How Not To Be A Doctor is a series of essays about being a Doctor and the bits we do not see as patients. John will pick you up and place you directly into the mind of a Doctor and you will see everything. You will experience what a Doctor thinks about during consultations, and whether they are really listening to what you say. You will hear views and opinions of Doctors about the system and their colleagues it is a real eye opener.
What this book made me really think about was although, I am fully aware is that Doctors are humans, they will have off days when they do not want to attend consultations and may not be listening fully and Doctors will make mistakes. But, it also made me reflect about how amazing the National Health Service and this is perhaps a book that should be read by the Secretary of State for Health and the Health Ministers so they get an understanding of what actually happens on the ground.
“Time and again, Doctors have to re-learn that what patients seem to value in us is not usually technical expertise and certainly not charm. It may be the thing that we try our hardest to avoid; being ourselves.”
“Over the years, I have spent quite a lot of time thinking, teaching and writing about supervision in medicine. Like most people who have been drawn towards the subject, I have become fascinated by the way that supervision lies at the intersection of factual knowlege and self-awareness and by the opportunities it offers for both technical and ethical development.”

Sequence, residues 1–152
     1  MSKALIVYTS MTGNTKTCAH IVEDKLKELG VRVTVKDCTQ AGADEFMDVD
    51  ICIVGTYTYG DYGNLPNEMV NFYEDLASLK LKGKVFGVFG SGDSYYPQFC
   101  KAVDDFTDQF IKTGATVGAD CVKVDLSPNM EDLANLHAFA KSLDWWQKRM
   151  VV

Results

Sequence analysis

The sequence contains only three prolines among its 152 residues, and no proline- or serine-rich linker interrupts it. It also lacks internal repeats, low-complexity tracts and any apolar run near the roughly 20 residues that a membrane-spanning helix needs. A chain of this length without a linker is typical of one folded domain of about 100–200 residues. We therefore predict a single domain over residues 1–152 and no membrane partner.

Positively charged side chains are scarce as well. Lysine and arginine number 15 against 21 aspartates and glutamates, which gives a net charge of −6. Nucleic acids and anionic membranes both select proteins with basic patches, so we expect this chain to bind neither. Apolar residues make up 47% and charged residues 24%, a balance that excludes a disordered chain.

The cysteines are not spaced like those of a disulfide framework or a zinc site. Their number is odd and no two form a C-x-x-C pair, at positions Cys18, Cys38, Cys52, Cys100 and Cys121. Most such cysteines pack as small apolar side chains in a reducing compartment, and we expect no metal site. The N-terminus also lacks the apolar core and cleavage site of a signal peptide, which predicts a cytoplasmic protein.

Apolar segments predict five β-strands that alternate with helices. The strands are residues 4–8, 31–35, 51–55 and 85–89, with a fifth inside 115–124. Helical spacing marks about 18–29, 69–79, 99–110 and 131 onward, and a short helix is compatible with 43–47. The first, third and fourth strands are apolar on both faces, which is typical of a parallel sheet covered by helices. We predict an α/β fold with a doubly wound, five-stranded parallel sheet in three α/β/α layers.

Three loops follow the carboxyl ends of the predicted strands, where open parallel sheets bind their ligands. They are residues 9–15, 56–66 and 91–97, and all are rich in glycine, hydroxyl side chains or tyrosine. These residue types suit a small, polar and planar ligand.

I love these type of books where you learn the “nitty gritty” of the health service. John is brutally honest about the profession, but in a respectful way not just being critical it is a balanced view. This is a book that you all need to read and I believe once you have, you may think differently towards the Doctors and the Health Service.
About the Book
Doctor and medical columnist John has written on the practice and teaching of medicine for many years. Originating from popular columns John has written for medical journals, the essays range from the title essay How Not To Be A Doctor, an ironic piece illustrating how being authentic as a Doctor may mean behaving in ways you were never taught in medical school; to a story of the imagined conversation between two prehistoric medical men on the primitive diet; to the author’s poignant account of being a patient himself as he received treatment for a life-threatening illness.
This book is published by Duckworth Overlook